Related: Experience constellations of wonder on a Canary Island cruise.

A shared experience

When your day is done and dusted, and you and your fellow passengers are back on board, it can be nice to share your stories of the day's excursion.

If you had participated in a group tour with your fellow travellers, you may find you have a lot to talk about over dinner.

A shared experience really helps to break the ice with others, which can be a blessing if you're travelling solo and feel the need to make friends and socialise.

Yet if you were a truly independent soul, perhaps you'd be happy to keep your experiences to yourself.

Related: Enjoy a sociable cruise experience with Saga.

Loosing yourself

If you decide to skip the organised onshore excursion entirely, whether that's one organised by your cruise line or one you've found independently, make sure you plan your day in advance. Or at least have a rough idea of where you're going to go and what you're going to do.

Whilst great joy can be found in wandering without a map and seeing where your meanderings take you, it can be easy to get lost.

So, always take a map with you, and study it before you set off. You don't need to walk with it folded out in front of your face all day, but it will certainly come in handy if you've lost your way and need to ask a local for directions.

Have useful phrases handy

Along with your map of the local area, be sure to have a couple of phrases on standby in case you get lost.

Depending on where you are in the world, and how far off the beaten track you've found yourself, there may be a bigger language barrier than you expect.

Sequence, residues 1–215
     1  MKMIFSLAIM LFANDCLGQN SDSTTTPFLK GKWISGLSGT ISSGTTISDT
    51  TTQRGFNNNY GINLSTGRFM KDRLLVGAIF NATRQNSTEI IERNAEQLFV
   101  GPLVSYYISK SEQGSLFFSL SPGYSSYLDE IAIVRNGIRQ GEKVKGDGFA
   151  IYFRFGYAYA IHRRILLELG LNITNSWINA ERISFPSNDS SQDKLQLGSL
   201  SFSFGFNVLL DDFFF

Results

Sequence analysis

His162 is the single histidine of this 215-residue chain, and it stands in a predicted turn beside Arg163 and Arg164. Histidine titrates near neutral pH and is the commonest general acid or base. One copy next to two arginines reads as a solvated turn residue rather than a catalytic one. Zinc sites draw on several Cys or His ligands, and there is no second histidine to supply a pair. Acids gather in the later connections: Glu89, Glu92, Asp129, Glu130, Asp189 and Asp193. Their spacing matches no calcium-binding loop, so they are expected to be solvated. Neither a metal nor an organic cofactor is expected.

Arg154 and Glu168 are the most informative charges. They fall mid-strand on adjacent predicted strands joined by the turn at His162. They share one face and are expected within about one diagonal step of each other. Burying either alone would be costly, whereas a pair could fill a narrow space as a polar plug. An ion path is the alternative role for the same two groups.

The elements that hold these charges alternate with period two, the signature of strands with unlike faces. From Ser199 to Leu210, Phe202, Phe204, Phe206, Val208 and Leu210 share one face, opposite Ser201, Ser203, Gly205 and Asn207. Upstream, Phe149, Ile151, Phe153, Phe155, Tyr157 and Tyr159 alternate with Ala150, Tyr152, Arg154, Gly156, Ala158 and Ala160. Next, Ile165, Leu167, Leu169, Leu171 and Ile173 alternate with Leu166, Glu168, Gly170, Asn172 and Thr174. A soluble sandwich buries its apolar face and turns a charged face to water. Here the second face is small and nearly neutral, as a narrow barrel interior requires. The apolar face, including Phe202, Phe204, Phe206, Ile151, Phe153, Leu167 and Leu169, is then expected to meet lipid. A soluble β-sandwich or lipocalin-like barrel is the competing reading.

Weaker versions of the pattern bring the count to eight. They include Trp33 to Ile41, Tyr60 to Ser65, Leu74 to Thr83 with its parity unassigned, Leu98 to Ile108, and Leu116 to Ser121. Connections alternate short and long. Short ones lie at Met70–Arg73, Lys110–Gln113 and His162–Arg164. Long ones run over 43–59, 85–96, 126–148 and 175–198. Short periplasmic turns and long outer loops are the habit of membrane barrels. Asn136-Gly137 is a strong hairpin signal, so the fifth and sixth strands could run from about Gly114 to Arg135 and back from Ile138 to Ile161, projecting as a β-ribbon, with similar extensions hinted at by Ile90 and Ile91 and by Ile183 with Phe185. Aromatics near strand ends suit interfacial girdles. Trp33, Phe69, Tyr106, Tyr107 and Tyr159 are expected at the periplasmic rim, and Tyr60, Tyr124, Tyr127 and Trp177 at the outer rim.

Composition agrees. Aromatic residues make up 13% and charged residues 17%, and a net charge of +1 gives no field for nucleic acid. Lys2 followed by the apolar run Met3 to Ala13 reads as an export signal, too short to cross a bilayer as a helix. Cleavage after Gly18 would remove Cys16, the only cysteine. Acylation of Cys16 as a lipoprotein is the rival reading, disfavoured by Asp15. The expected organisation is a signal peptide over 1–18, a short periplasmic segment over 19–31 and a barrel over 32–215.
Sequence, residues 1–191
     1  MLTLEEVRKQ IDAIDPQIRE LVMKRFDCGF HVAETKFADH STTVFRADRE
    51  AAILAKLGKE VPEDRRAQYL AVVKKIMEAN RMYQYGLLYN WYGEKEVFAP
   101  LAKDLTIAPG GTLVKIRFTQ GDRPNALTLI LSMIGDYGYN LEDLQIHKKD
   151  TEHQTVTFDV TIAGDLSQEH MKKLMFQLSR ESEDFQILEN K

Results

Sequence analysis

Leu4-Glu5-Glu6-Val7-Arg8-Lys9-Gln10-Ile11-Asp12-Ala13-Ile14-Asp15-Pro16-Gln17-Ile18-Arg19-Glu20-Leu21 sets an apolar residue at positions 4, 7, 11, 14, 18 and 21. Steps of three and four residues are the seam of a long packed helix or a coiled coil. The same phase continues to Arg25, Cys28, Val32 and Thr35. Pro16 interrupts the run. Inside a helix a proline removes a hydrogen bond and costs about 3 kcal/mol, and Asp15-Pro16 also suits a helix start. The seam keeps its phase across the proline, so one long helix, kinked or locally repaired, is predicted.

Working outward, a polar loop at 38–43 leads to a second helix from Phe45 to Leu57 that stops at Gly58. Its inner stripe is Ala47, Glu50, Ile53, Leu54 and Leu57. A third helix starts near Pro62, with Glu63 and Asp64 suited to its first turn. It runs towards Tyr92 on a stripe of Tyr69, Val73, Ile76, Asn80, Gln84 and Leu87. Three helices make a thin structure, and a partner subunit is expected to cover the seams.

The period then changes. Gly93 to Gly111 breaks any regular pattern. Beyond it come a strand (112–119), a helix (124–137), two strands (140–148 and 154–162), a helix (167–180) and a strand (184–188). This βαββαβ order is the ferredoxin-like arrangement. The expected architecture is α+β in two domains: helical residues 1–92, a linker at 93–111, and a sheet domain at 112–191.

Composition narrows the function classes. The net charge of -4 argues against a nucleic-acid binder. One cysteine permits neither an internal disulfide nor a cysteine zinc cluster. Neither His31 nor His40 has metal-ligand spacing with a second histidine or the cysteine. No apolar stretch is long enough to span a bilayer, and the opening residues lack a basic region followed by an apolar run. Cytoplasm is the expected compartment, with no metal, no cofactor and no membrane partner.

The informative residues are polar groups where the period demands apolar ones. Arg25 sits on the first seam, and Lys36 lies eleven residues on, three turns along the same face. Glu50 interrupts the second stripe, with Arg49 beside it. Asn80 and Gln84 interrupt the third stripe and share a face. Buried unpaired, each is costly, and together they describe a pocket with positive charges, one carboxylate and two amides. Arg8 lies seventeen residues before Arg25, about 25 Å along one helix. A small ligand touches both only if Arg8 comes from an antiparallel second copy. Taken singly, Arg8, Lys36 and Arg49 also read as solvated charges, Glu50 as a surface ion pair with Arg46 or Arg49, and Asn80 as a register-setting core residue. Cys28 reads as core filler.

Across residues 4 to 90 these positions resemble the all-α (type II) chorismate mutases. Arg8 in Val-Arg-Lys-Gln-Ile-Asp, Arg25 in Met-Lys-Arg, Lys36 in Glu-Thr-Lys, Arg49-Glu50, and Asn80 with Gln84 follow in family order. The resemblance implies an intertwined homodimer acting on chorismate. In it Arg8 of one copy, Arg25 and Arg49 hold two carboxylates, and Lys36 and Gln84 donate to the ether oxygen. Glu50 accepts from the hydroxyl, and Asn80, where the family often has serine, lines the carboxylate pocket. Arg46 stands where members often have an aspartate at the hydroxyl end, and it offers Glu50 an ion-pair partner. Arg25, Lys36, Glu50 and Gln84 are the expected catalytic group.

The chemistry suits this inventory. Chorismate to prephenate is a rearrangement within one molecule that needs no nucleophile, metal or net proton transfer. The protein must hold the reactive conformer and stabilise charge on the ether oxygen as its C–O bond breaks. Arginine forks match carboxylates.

Which is why even just learning 'excuse me, which way is the port?' could save you hours trying to figure it out yourself. (Extending your arms and honking in an attempt to impersonate a large cruise ship may lead you someplace else entirely!)

Safety in numbers

Going it alone, though not without its benefits, also means you ought to be more alert to your personal safety, as well as your personal possessions; it's far less likely that you'll be swindled whilst on an organised tour.

If you're by yourself, you may be perceived as an easy target. Which is why you should try to avoid disreputable areas and anywhere out of view and earshot of shops or safe public places.

Related: Cruising for solos

Useful tip: the decoy wallet

Always keep your money and travel documents safe: not easily accessible in the front compartment of a backpack, for example.

One useful tip, if you're determined to explore off the beaten tourist track, is to take a decoy wallet or purse with you. It should be convincingly aged and contain a small amount of money and a few useless cards.

If, in the unlikely chance you're ever confronted by someone demanding your money, you can slip them the decoy.

Be prepared and plan ahead

Don't be deterred in exploring onshore independently, but realise that your safety and security (and ability to make it back to ship) can shift quickly as soon as you separate yourself from the crowd.

Plan where you're going to go in advance and always give yourself plenty of time to make it back to the ship. As beautiful as a sunset is over the Mediterranean, it will be bitter sweet if that diminishing dot on the horizon is your ship.

Saga offers a range of cruises around the world, both with included and optional excursions. Find out more today.


The opinions expressed are those of the author and are not held by Saga unless specifically stated. The material is for general information only and does not constitute investment, tax, legal, medical or other form of advice. You should not rely on this information to make (or refrain from making) any decisions. Always obtain independent, professional advice for your own particular situation.